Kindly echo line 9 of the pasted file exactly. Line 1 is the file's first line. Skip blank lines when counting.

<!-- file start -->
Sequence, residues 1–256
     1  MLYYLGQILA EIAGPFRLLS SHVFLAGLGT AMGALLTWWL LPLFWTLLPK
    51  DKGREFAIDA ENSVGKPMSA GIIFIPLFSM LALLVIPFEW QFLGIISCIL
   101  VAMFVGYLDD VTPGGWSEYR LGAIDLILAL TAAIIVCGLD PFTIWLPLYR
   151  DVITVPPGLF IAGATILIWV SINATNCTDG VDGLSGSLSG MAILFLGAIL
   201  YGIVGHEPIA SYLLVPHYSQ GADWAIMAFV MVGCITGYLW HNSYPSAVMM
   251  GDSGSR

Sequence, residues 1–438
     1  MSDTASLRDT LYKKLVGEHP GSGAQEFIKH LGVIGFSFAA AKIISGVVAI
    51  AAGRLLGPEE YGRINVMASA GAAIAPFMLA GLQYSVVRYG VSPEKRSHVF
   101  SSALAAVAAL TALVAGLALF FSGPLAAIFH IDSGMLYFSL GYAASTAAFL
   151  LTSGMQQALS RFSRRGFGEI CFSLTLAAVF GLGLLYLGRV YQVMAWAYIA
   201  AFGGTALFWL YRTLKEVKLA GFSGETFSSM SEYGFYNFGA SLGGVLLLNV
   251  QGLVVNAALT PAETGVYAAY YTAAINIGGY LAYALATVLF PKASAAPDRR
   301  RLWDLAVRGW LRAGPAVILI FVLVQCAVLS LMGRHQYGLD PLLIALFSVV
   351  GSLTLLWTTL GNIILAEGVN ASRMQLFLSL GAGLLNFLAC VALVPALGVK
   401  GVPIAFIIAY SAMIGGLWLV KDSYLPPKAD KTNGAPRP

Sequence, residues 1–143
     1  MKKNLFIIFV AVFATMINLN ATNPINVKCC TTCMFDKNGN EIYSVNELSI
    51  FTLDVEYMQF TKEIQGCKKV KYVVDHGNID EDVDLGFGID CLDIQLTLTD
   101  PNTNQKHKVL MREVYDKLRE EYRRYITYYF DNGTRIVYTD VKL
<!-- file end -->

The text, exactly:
     1  MSDTASLRDT LYKKLVGEHP GSGAQEFIKH LGVIGFSFAA AKIISGVVAI